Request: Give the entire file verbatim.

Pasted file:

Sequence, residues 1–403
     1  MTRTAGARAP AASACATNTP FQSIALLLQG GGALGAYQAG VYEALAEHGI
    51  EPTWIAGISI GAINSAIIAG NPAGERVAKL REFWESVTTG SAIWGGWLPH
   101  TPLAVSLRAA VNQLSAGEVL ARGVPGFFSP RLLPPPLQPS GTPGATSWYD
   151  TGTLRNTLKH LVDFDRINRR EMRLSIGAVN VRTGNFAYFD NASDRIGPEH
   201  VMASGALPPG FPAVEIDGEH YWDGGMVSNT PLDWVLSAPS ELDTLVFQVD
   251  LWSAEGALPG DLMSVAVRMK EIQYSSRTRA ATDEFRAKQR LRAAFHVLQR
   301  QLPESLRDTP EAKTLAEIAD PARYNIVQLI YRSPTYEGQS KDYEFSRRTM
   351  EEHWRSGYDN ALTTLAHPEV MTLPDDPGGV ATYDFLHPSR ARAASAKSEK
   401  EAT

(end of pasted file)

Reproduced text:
Sequence, residues 1–403
     1  MTRTAGARAP AASACATNTP FQSIALLLQG GGALGAYQAG VYEALAEHGI
    51  EPTWIAGISI GAINSAIIAG NPAGERVAKL REFWESVTTG SAIWGGWLPH
   101  TPLAVSLRAA VNQLSAGEVL ARGVPGFFSP RLLPPPLQPS GTPGATSWYD
   151  TGTLRNTLKH LVDFDRINRR EMRLSIGAVN VRTGNFAYFD NASDRIGPEH
   201  VMASGALPPG FPAVEIDGEH YWDGGMVSNT PLDWVLSAPS ELDTLVFQVD
   251  LWSAEGALPG DLMSVAVRMK EIQYSSRTRA ATDEFRAKQR LRAAFHVLQR
   301  QLPESLRDTP EAKTLAEIAD PARYNIVQLI YRSPTYEGQS KDYEFSRRTM
   351  EEHWRSGYDN ALTTLAHPEV MTLPDDPGGV ATYDFLHPSR ARAASAKSEK
   401  EAT